Supermarket sweep

Is the rise of Tesco such a terrible thing?

Josie Appleton

Topics Politics

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Fears abound that the British high street is being flattened by the Tesco juggernaut.

Tesco’s profits in Britain are up by 24.2 per cent this year, and the company now has the highest market share – 28 per cent – ever enjoyed by a supermarket. Stalwart high street stores are dwindling. Sainsbury’s has slipped into third place, behind Tesco and Asda, taking only 17 per cent of market share (1). WH Smith, Boots, Marks & Spencer and Woolworths are suffering similar fates. Marks & Spencer’s misfortunes have become a regular news item; WH Smith this week announced losses of more than £100million, the worst set of figures in its 200-year history.

Then there is the death of all the independent butchers, bakers and candlestick makers. A recent survey found a 59 per cent drop in the numbers of greengrocers between 1992 and 2002, and a 40 per cent drop in butchers (2). The New Economics Foundation reports that wholesalers are closing at a rate of approximately six per week, and specialist stores are closing at a rate of 50 per week (3).

Critics label Tesco a marauding beast, ‘gobbling up’ the market, putting suppliers in a ‘stranglehold’ (or alternatively, ‘armlock’), ‘manipulating’ consumers, and engaging in ‘unfair’ trading. The superstore is also blamed for wrecking communities and leaving empty streets full of derelict shops.

But the fact is that Tesco has got rich by working out new and better ways of selling people food (and just about everything else). More than 13 million customers shop at Tesco every week. They don’t do this because they are brainwashed, or because they can’t find a decent local butcher. Tesco pioneered internet shopping, making it possible to order goods at any time of the day or night, and have them delivered direct to your door. It went for big, out-of-town stores selling everything including the kitchen sink, and also invested in local ‘express’ stores. It slashed the prices on everyday goods, and also developed new lines catering for the quality market.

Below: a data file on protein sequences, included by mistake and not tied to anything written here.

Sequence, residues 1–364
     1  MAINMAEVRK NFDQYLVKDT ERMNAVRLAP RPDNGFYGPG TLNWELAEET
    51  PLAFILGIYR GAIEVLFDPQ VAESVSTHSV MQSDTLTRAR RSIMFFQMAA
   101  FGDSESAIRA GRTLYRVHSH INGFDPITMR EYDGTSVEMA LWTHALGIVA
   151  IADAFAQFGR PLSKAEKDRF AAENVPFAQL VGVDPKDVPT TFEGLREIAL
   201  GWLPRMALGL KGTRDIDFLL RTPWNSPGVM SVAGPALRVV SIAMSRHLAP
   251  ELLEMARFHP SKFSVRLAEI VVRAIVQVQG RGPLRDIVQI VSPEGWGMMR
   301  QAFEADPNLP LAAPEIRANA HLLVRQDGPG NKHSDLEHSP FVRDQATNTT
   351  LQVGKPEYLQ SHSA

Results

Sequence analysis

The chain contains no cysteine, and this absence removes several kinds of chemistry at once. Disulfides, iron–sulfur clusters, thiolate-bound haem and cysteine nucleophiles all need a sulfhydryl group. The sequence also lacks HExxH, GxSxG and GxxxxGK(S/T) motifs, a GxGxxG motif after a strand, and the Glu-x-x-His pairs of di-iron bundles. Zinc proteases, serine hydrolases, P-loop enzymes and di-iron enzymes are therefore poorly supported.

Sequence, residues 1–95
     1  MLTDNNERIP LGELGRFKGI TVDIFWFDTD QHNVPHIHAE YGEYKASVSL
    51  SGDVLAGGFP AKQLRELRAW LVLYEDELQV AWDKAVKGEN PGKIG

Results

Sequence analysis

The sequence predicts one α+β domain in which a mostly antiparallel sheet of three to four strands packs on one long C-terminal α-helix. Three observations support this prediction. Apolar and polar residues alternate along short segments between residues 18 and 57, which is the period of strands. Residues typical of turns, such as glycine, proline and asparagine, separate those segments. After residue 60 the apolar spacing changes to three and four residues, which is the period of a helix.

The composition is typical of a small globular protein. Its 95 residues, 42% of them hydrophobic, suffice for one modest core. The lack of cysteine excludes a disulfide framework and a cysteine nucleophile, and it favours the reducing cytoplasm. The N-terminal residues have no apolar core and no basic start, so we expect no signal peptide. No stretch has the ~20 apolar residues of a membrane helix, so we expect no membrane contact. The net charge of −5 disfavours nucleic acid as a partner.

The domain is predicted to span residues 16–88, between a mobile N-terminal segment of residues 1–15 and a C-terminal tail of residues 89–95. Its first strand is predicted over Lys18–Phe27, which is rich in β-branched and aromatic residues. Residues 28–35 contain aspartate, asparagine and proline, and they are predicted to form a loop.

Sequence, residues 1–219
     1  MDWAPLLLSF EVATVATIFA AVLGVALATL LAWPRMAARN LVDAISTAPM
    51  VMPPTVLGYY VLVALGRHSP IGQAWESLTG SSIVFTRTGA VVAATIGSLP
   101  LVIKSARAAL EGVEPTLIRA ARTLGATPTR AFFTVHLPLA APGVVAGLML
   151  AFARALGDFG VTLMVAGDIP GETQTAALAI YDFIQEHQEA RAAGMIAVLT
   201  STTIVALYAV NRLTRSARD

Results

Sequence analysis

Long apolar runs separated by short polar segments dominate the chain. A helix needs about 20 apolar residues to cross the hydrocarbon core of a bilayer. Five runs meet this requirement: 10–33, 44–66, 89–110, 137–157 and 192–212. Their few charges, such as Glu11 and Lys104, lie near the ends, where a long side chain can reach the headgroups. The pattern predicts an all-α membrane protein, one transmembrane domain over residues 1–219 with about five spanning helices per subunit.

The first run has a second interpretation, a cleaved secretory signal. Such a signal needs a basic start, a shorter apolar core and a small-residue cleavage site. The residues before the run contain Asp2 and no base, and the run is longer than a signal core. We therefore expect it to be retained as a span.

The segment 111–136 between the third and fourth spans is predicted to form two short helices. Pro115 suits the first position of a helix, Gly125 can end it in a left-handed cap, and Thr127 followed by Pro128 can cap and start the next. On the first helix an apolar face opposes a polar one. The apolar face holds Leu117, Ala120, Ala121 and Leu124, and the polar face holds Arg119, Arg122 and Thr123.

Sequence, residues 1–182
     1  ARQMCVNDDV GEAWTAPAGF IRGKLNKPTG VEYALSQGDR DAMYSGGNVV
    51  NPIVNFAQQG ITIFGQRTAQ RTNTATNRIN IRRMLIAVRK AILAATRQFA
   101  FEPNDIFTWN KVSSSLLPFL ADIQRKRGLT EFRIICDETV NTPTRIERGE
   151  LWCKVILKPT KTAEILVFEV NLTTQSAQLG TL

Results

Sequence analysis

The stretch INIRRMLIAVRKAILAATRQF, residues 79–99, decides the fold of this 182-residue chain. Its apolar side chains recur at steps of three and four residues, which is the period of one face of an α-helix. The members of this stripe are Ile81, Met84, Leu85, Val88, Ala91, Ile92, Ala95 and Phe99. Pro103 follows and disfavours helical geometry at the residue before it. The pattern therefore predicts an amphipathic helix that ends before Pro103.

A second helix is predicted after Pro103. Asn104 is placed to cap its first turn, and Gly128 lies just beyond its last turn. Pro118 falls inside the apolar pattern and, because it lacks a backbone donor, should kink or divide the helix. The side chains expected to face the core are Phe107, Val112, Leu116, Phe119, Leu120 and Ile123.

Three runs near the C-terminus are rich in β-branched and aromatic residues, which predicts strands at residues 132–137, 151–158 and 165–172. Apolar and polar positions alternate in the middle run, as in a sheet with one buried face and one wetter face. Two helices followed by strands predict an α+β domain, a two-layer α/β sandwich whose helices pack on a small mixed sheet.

Sainsbury’s, by contrast, has dragged its feet, following in Tesco’s wake on internet shopping and local stores, and failing to cut prices to the same degree. It also blew millions on IT systems and automated depots that didn’t work.

Tesco is only being bashed because it happens to be top dog at the moment. Behind the attacks lies a general suspicion of big business and mass production, and a harking back to the small producer labouring away in his fields.

Guardian columnist and green activist George Monbiot warns that the supermarkets ‘[have] destroyed the livelihood of tens of millions of small proprietors and their employees’. Consumer affairs writer Felicity Lawrence complains of a ‘creeping takeover’ of the food industry, saying that this has meant that ‘British farmers have been driven out of business or pushed to the margins of survival’ and that ‘the disadvantaged are denied affordable access to good fresh food’ (4). The New Economics Foundation warns that supermarkets have ‘too much power’, and the Soil Association accuses supermarkets of running a ‘fear chain’ rather than a food chain.